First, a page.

Ponomariov-Morozevich
As the esteemed Robert Frost once penned: "Be sure to sell your horse before he dies. The art of life is passing losses on." Ponomariov seems to have taken these words to heart, as he readily rebounded from his loss to Carlsen yesterday. In an Open Catalan, 8.e3 deviated from explored theory, but it was not until 16...Rab8 that White truly enjoyed an appreciable advantage, as he cashed in for a full pawn. While Morozevich traveled a masochistic road, the Ukrainian mopped up, with resignation coming from the Russian on move 27 - while White's knight sat teasingly under threat, sold for something much more valuable.

Ponomariov,R (2739) - Morozevich,A (2750) [E04]
Tal Memorial Moscow RUS (9), 14.11.2009
1.d4 Nf6 2.c4 e6 3.Nf3 d5 4.g3 dxc4 5.Bg2 a6 6.0-0 Nc6 7.Bg5!? Both 7.Nc3 and 7.e3 are considerably more popular. Considering how quickly the five-time Russian champion falls into trouble, Ponomariov's move may gain in popularity. 7...Be7 8.e3 0-0?! The most natural move on the board, but possibly a mistake. It could be that Black's best is to continue 8...Bd7 followed by b7-b5 when play is similar to positions after 7.e3 but with White's bishop developed on g5. Whether or not this is advantageous for White is unclear. 9.Nbd2 e5 10.Nxc4 exd4 11.Nxd4. Usually when accepting an isolated queen's pawn, it is best to leave as many minor pieces on the board as possible. In this position however, the exchange of White's f3-knight for Black's c6-knight and the subsequent exchange of queens, highlight the power of White's g2-bishop which will dominate it's counterpart. 11...Nxd4 12.Qxd4 Qxd4 13.exd4 Rd8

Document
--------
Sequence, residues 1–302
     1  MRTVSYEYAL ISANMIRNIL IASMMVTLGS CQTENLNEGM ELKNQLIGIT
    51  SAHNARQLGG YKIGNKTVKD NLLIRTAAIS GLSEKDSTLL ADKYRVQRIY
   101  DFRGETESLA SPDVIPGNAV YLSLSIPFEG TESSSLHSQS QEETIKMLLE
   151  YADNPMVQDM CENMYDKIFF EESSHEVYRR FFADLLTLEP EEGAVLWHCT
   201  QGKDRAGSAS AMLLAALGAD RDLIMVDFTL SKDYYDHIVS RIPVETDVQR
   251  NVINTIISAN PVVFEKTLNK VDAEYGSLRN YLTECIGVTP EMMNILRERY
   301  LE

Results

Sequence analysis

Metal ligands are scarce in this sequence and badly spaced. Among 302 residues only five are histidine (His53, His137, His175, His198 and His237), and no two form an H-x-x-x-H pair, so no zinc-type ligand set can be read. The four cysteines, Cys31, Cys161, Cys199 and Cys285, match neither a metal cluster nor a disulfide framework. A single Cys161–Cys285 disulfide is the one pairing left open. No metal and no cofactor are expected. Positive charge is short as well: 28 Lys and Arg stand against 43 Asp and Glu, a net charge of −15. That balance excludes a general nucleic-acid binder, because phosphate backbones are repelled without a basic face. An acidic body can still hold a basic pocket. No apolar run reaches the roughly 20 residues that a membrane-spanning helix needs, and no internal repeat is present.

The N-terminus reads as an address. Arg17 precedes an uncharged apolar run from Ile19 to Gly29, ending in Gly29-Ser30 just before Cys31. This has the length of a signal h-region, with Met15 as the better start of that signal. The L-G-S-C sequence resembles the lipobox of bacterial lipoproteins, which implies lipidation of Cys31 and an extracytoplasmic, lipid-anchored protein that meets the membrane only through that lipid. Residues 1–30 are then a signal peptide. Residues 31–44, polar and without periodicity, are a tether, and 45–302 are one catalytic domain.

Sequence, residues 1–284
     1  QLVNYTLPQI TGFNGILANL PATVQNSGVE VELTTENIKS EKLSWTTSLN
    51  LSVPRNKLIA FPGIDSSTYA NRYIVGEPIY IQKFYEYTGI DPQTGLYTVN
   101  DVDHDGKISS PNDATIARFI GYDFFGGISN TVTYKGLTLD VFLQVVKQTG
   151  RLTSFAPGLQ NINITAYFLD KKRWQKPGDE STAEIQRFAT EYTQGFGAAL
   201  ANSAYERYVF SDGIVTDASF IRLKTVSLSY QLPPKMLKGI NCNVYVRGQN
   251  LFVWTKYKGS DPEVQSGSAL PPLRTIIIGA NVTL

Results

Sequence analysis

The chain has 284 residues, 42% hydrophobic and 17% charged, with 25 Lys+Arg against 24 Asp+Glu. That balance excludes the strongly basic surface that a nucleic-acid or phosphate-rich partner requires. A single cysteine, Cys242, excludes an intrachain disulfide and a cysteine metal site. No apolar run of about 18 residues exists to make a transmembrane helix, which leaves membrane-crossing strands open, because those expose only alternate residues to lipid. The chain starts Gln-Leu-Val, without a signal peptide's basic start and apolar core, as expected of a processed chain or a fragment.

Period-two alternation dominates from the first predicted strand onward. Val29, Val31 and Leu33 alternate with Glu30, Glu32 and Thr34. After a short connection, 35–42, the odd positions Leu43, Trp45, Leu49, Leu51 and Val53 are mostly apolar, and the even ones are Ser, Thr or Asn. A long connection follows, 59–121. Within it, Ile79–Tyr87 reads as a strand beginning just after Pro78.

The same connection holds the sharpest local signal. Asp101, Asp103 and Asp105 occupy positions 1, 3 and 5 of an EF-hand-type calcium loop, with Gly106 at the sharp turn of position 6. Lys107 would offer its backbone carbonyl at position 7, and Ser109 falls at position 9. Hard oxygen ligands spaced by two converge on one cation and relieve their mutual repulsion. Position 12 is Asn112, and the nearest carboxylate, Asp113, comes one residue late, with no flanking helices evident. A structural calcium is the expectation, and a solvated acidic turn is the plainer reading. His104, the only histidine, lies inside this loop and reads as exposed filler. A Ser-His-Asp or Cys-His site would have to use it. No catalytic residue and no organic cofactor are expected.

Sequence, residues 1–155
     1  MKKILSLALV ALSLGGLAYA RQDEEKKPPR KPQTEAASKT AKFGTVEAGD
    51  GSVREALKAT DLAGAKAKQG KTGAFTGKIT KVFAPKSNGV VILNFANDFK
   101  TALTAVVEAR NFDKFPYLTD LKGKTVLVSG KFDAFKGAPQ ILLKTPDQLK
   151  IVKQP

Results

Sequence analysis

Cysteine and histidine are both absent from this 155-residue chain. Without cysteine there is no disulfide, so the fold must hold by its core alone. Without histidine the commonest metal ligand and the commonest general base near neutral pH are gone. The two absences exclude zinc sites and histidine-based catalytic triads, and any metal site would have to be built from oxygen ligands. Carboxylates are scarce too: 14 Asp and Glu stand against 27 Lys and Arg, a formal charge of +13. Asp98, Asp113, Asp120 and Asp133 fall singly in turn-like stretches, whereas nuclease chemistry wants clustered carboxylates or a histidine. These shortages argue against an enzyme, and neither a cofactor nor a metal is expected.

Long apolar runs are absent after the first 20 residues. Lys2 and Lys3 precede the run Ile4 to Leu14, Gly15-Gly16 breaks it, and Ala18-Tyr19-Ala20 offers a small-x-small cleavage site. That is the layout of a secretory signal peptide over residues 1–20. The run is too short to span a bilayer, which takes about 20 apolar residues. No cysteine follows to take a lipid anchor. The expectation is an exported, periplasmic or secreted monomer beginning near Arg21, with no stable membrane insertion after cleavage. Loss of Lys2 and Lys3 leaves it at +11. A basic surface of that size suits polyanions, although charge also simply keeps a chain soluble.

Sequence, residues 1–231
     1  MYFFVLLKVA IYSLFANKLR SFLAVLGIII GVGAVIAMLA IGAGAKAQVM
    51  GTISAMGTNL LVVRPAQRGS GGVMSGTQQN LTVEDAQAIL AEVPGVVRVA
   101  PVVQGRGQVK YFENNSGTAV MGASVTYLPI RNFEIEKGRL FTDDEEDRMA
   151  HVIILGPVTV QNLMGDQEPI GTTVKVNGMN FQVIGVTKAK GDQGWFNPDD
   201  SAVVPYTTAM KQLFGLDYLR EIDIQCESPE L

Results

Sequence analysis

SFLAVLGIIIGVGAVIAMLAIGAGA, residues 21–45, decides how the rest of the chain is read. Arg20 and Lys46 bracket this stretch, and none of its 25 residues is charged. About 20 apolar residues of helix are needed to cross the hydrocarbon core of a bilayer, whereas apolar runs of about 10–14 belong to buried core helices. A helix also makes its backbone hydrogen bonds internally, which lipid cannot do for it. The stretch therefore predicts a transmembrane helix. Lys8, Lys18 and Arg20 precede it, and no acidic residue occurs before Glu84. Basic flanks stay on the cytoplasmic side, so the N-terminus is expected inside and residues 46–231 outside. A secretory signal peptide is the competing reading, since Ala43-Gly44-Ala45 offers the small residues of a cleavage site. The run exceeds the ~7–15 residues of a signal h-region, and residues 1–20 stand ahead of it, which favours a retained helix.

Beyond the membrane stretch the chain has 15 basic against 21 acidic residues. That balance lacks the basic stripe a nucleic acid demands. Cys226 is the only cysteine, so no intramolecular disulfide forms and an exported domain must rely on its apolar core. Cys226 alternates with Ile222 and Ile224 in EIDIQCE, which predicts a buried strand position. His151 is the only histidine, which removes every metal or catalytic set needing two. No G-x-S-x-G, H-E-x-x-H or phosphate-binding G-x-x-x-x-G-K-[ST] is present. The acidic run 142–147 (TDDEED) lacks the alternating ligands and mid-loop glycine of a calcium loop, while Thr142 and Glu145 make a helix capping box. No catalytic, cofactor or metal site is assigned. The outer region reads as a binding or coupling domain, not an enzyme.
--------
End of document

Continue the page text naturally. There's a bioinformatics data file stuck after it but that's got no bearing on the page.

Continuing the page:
14.Rfd1! Bg4? 14...Be6 might have kept White's advantage to a minimum. 15.Re1! Bb4 16.Rec1! Despite having moved the same piece three time in a row, White's position has improved considerably! Black must now deal with the threats of Bg2xb7, Nc4-e3 followed by Rc1xc7, as well as Bg5xf6 inflicting further weaknesses. Not an easy task! 16...Rab8 17.a3 Bf8 18.Ne3 Rxd4 19.Rxc7 Be2 20.Rxb7 Rxb7 21.Bxb7 Nd7 22.Nf5 Ra4 23.Re1 Bb5 24.Re8 h6 25.Be7 g6 26.b3

Black's rook is trapped. 26...Ra5 27.Bb4 1-0. [Click to replay]


Svidler-Gelfand
With no prospects left to fight for, these players opted to revisit the Petroff Defence. The game left theory with 17.Be3, and ostensibly saw White hang a pawn on 20.Qc2, though the underlying mate threat would have been readily seen by the keen observer. No other aspects of the position were particularly noteworthy, and after the majority of pieces were exchanged, the players agreed to split the half-point on move 30. [Click to replay]